Referring to FIG. 6A, an instruction (e.g., a single architected machine instruction) to perform a comparison of a first value and a second value is obtained, STEP 600, and executed by at least one processor, STEP 602. The executing includes, for instance, determining, based on a control of the instruction, a compare function to be performed, STEP 604. The compare function is one of a plurality of compare functions configured for the instruction (606), and the compare function has a plurality of options for comparison (608). A compare option to be used to compare the first value and the second value is selected from the plurality of options for the compare function, STEP 610. The compare option is selected based on the first value and the second value. The first value and the second value are compared using the compare option to obtain a result, STEP 612. The result is specific for the compare option selected for the compare function indicated by the control of the instruction (614). The result is placed in a select location, and is to be used in processing within the computing environment, STEP 616.

In one example, the plurality of options include a plurality of pairs of particular cases selectable for comparison (620), and the plurality of pairs of particular cases include at least one pair of particular cases that includes at least one particular case selected from the group of particular cases including: an infinity, a not-a-number (NAN), and a signed zero (622).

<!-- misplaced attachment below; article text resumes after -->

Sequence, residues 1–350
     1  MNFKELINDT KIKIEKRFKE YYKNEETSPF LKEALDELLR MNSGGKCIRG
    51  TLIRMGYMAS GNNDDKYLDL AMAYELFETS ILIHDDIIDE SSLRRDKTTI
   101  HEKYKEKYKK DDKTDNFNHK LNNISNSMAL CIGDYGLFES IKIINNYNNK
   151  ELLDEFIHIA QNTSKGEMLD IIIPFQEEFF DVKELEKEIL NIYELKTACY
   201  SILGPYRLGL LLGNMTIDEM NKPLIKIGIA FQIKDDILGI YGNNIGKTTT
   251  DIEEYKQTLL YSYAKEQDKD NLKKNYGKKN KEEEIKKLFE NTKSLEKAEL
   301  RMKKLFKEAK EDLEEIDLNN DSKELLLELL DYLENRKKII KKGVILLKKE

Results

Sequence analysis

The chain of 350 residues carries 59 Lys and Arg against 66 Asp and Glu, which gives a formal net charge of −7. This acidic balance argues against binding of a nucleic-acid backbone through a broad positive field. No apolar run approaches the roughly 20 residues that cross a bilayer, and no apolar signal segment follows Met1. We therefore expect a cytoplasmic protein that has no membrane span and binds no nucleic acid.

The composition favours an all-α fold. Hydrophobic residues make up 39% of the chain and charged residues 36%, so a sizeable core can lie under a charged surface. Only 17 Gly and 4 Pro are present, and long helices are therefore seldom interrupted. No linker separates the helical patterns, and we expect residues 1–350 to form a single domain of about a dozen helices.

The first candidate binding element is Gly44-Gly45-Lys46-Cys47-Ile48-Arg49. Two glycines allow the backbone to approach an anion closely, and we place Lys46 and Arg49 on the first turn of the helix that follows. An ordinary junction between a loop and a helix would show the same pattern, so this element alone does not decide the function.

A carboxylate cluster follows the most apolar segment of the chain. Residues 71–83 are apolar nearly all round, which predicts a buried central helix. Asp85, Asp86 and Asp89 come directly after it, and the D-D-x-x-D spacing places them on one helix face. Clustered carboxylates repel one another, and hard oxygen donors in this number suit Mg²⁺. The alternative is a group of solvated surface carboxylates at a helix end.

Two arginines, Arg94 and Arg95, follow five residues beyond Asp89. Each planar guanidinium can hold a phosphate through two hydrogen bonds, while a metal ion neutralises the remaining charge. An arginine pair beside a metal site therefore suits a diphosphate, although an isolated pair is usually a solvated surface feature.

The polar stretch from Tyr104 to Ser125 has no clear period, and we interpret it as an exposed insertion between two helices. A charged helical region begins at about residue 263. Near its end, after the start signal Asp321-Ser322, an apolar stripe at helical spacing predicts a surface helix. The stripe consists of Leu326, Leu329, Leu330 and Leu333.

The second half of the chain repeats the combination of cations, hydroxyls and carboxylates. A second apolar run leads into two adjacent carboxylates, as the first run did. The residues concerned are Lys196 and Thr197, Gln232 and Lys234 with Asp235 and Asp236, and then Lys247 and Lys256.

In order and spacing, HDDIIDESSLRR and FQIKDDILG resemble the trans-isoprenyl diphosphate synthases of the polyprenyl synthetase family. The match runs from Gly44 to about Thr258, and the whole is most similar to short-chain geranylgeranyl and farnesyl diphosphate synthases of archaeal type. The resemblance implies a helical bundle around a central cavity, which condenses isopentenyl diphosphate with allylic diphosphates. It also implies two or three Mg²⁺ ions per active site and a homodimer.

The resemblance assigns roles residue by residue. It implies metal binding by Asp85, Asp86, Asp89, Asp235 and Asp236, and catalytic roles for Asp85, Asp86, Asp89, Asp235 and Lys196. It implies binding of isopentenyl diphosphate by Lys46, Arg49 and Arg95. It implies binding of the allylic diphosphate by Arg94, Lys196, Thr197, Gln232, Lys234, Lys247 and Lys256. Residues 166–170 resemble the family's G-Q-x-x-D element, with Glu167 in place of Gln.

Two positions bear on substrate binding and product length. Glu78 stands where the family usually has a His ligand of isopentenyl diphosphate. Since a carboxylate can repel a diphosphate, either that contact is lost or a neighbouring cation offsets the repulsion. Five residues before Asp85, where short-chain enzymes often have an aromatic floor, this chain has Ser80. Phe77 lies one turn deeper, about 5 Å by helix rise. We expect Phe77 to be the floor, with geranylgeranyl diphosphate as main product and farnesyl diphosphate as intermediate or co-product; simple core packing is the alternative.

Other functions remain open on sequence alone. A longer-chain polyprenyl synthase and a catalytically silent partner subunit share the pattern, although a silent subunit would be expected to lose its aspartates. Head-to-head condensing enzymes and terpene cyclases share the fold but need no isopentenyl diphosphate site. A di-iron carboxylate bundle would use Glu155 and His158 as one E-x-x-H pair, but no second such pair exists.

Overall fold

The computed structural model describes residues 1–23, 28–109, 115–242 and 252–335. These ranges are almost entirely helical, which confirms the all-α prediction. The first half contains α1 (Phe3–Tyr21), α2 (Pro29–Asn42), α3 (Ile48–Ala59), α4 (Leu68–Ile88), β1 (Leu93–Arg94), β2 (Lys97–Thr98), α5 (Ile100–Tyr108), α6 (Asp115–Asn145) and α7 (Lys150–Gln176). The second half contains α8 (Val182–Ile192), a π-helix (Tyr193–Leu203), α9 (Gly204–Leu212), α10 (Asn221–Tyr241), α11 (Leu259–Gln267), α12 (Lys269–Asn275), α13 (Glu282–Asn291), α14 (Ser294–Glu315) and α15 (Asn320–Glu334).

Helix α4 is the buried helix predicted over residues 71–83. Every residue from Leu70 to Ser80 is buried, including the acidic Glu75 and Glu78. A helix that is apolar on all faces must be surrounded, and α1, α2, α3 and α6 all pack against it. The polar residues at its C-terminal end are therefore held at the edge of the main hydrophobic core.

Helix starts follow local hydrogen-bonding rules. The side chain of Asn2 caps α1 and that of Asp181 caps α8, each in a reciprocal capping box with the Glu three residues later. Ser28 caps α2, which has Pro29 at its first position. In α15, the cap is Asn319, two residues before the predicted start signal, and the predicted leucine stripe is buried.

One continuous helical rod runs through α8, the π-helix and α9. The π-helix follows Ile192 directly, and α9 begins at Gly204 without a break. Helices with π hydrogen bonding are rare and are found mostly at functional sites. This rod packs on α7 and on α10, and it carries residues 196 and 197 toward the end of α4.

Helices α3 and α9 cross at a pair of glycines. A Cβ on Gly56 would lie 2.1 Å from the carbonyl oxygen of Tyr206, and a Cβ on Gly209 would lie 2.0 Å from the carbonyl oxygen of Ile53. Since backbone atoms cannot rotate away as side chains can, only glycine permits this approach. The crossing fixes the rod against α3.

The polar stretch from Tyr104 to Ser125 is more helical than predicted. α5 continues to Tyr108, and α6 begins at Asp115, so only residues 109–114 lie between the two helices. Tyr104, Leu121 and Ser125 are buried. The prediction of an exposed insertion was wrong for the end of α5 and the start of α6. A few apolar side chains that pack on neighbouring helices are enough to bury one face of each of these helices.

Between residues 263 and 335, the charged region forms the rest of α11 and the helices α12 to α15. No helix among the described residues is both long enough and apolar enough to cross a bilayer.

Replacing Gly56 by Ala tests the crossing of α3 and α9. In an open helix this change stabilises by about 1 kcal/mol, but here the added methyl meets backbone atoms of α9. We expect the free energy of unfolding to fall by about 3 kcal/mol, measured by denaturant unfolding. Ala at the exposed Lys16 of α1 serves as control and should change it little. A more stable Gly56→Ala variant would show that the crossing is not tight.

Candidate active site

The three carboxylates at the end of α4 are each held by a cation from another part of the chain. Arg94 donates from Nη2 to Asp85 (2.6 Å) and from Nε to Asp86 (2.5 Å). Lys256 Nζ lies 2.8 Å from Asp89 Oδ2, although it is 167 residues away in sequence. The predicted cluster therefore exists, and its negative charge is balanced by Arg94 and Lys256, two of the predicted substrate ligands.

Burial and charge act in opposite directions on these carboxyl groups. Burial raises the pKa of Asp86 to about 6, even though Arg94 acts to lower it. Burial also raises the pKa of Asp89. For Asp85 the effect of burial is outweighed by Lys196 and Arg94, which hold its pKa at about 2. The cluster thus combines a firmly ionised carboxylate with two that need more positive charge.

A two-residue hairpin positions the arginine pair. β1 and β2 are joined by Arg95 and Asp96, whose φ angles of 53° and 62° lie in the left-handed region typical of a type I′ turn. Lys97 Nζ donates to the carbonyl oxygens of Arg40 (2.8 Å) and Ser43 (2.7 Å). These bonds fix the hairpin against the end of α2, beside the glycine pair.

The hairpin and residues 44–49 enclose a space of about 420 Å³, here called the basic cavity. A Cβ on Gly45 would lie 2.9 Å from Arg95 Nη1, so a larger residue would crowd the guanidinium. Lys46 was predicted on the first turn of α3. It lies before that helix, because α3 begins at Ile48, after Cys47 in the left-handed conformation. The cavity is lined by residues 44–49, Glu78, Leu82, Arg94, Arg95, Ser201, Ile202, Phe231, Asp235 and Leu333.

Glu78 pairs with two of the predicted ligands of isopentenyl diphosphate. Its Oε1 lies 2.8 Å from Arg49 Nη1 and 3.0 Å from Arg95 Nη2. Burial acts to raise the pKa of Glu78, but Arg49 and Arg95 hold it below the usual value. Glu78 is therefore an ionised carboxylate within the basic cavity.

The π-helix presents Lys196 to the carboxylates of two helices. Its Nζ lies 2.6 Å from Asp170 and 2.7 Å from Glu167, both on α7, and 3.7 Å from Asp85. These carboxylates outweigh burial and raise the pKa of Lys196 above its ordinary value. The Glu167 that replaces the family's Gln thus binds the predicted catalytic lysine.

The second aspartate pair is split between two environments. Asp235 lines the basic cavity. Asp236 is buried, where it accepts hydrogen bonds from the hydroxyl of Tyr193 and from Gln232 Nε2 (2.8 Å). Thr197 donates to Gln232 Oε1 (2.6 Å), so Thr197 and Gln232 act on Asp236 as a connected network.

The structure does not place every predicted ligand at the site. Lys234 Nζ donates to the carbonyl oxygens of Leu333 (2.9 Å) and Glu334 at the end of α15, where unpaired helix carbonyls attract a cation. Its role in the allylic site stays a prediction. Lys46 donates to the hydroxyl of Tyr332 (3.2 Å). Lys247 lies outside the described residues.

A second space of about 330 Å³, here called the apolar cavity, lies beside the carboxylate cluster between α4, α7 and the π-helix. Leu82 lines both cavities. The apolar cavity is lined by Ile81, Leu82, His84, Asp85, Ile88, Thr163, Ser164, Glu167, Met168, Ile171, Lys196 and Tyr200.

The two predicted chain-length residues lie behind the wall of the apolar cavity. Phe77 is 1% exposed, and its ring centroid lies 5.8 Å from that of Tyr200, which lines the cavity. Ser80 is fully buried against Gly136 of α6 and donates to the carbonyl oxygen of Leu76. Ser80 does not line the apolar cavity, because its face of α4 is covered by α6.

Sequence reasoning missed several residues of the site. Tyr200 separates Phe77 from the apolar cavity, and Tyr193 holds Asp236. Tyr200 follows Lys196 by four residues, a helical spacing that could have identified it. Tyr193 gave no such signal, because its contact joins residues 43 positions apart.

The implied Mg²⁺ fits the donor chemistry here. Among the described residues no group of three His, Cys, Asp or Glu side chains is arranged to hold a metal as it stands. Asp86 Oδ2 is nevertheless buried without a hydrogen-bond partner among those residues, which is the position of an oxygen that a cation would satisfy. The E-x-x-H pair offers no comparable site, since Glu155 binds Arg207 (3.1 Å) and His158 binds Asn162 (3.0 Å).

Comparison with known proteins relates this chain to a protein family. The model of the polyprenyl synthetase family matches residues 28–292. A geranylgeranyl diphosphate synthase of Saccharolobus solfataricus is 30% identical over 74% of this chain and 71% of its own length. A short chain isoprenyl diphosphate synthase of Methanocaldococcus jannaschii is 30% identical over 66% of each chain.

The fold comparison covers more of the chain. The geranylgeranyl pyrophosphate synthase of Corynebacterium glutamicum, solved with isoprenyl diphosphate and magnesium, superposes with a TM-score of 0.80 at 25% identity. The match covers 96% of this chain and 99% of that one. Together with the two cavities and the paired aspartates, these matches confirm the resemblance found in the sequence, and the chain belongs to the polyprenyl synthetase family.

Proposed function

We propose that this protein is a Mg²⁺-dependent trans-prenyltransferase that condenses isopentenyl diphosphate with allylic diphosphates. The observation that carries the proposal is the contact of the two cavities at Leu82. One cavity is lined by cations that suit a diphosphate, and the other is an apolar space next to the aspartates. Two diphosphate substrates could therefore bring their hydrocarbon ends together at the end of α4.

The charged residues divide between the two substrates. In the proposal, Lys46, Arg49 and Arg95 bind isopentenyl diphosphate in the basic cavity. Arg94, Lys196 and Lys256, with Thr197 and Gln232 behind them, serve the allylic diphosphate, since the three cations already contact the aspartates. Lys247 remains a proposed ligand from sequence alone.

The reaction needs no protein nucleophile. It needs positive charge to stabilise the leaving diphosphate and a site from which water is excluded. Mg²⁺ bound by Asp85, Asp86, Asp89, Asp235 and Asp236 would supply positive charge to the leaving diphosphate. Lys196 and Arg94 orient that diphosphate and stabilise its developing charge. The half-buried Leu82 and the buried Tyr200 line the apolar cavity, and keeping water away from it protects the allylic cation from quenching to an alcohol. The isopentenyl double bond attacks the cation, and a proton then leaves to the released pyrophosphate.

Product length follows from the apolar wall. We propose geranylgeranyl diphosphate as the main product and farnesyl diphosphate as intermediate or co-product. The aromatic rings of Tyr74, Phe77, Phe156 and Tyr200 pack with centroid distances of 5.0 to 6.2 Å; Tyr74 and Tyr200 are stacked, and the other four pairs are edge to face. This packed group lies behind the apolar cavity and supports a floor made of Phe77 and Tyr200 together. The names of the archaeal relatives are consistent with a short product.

As examples, referring to FIG. 6B, the plurality of compare functions include at least one of a plurality of maximum functions and a plurality of minimum functions (630); the plurality of maximum functions include a plurality of maximum techniques to perform a maximum comparison (632); and the plurality of minimum functions include a plurality of minimum techniques to perform a minimum comparison (634).

In one embodiment, the first value and the second value are provided by the instruction (636), and the first value is of one element of an operand of the instruction and the second value is of a corresponding element of another operand of the instruction (638). As an example, a size of the one element is determined based on another control of the instruction (640).

Further, in one example, the first value and the second value are floating point values (642), the size of the one element depends on a floating point format of the floating point values (644), and the other control indicates a selected floating point format (646). Additionally, in one example, the control is provided in a mask of the instruction (648).

Described herein is a facility for using a single architected instruction to perform floating point comparisons that handles special cases. This instruction replaces a number of instructions and improves computer processing and performance.

Although various examples are provided, variations are possible without departing from a spirit of the claimed aspects. For example, values that are included in registers and/or fields used by the instruction may, in other embodiments, be in other locations, such as memory locations, etc. Many other variations are possible.

One or more aspects may relate to cloud computing.

It is understood in advance that although this disclosure includes a detailed description on cloud computing, implementation of the teachings recited herein are not limited to a cloud computing environment. Rather, embodiments of the present invention are capable of being implemented in conjunction with any other type of computing environment now known or later developed.